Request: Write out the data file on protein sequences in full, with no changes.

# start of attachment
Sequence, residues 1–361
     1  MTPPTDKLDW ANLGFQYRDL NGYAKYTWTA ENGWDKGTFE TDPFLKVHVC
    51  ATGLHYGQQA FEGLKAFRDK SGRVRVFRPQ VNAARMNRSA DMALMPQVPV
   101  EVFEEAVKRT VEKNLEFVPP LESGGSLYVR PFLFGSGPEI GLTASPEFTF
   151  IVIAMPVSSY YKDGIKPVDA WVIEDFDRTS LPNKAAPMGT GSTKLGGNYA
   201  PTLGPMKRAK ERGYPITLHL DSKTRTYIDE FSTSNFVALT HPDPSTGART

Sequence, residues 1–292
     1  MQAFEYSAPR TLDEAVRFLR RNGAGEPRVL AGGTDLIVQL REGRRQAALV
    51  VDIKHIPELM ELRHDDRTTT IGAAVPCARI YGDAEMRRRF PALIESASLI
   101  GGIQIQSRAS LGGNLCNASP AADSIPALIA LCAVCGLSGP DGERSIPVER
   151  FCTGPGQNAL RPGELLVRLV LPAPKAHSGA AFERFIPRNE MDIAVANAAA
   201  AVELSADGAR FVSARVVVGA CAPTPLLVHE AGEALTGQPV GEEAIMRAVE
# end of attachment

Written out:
Sequence, residues 1–361
     1  MTPPTDKLDW ANLGFQYRDL NGYAKYTWTA ENGWDKGTFE TDPFLKVHVC
    51  ATGLHYGQQA FEGLKAFRDK SGRVRVFRPQ VNAARMNRSA DMALMPQVPV
   101  EVFEEAVKRT VEKNLEFVPP LESGGSLYVR PFLFGSGPEI GLTASPEFTF
   151  IVIAMPVSSY YKDGIKPVDA WVIEDFDRTS LPNKAAPMGT GSTKLGGNYA
   201  PTLGPMKRAK ERGYPITLHL DSKTRTYIDE FSTSNFVALT HPDPSTGART

Sequence, residues 1–292
     1  MQAFEYSAPR TLDEAVRFLR RNGAGEPRVL AGGTDLIVQL REGRRQAALV
    51  VDIKHIPELM ELRHDDRTTT IGAAVPCARI YGDAEMRRRF PALIESASLI
   101  GGIQIQSRAS LGGNLCNASP AADSIPALIA LCAVCGLSGP DGERSIPVER
   151  FCTGPGQNAL RPGELLVRLV LPAPKAHSGA AFERFIPRNE MDIAVANAAA
   201  AVELSADGAR FVSARVVVGA CAPTPLLVHE AGEALTGQPV GEEAIMRAVE